We have very little control over how any other human being behaves. And the older another person is, the less control we have.
Why do we spend so much time trying to control the behavior of others? And why do we spend so much time being bothered by the behavior of others? Allowing ourselves to be bothered by others means that we are letting ourselves be controlled by others.
Detach from the need to impose your control on another person’s behavior. Do yourself a favor, and detach. If genuinely pure motives prompt you to attempt to influence others, be wise in how you apply your influence … and detach from the outcome.
Letting ourselves be bothered by the mal behavior of others is way too common, and mostly unfruitful. Notwithstanding righteous indignation, we would do well to detach as much as possible from the mal behavior of others … and certainly not let ourselves be bothered by it.
But the self is sometimes very fragile, and easily bothered or offended or threatened.
As if on queue, God just allowed me to feel offended. Perhaps even more than allowed it, perhaps God even orchestrated the scenario which offended me to let me experience it firsthand so that I can write about it now.
I’m sitting on an airplane bound for San Francisco, and the Flight Attendants just came through offering drinks and snacks. I got my drink, but the Flight Attendant who served me forgot to give me some peanuts. She said, “I have to wait until the other Flight Attendant gives me some peanuts to give you,” but the other Flight Attendant was busy processing a meal purchase. So I waited patiently, and suddenly I realized that the cart made its way further down the aisle and they forgot to bring me some peanuts.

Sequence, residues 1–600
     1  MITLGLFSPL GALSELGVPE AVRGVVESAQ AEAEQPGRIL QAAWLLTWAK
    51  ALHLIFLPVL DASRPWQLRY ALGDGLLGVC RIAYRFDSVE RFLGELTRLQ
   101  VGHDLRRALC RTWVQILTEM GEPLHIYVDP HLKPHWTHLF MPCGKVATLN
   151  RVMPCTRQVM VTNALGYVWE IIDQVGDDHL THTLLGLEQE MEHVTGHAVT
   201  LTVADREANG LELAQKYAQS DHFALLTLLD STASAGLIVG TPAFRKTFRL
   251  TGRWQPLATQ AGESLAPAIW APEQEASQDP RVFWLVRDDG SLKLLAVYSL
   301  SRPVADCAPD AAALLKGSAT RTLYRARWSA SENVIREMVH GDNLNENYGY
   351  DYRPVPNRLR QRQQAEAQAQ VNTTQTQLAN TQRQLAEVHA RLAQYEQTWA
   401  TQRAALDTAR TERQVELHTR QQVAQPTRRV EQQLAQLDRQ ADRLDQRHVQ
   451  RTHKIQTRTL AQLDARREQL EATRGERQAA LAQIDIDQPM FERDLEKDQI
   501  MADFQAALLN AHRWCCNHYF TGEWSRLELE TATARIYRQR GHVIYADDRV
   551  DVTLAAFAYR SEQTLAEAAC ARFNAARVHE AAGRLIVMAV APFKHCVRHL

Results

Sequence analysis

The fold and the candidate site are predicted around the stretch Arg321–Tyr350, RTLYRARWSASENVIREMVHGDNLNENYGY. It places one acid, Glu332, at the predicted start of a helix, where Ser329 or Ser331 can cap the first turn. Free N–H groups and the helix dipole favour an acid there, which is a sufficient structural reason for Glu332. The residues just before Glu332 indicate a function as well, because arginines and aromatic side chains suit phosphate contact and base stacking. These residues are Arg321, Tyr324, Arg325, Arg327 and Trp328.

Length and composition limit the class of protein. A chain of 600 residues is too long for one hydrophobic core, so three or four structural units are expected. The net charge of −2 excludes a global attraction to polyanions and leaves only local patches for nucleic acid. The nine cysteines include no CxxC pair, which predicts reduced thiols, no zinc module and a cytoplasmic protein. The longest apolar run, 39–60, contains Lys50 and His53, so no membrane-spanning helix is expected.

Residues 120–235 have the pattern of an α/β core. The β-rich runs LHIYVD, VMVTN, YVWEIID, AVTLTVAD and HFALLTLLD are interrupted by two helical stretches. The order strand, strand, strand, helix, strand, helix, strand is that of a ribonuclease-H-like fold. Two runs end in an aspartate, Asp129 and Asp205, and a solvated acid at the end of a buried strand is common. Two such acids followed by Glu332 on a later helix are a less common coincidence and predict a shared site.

I was offended.
I thought about getting up from my seat and walking up to the Flight Attendant to say, “Excuse me, but you forgot to give me some peanuts.” And for good measure, maybe I would give her the “I’m a little disappointed with you” look. Fortunately, common sense prevailed – I’m not going to starve … and common courtesy also prevailed – I’m by the window, and don’t want to disturb the two people sitting beside me.
Is it possible to live a perfect life and perfectly respond in all circumstances to all people? Is it possible to perfectly interact with others? Not a chance, and to think that we can live perfectly in relationship to others is to abandon the grace of God.
But what about the Bible verse that says, “Be perfect as your Heavenly Father is perfect”? Honestly, I am not sure what that means. I interpret it to mean that we should strive to be as godly as possible, but remember that we will never achieve Godhood.
God’s grace extends to all people. There has never been, and there never will be any sinner who can rise above sin and achieve perfection in this life.
I am 48 years old, and I can say with certainty that I have never met a sinner that now personifies complete godliness. Perhaps there are those around me who think that they have achieved perfect godliness or will achieve it, but I have not met any past-sinners who have achieved it.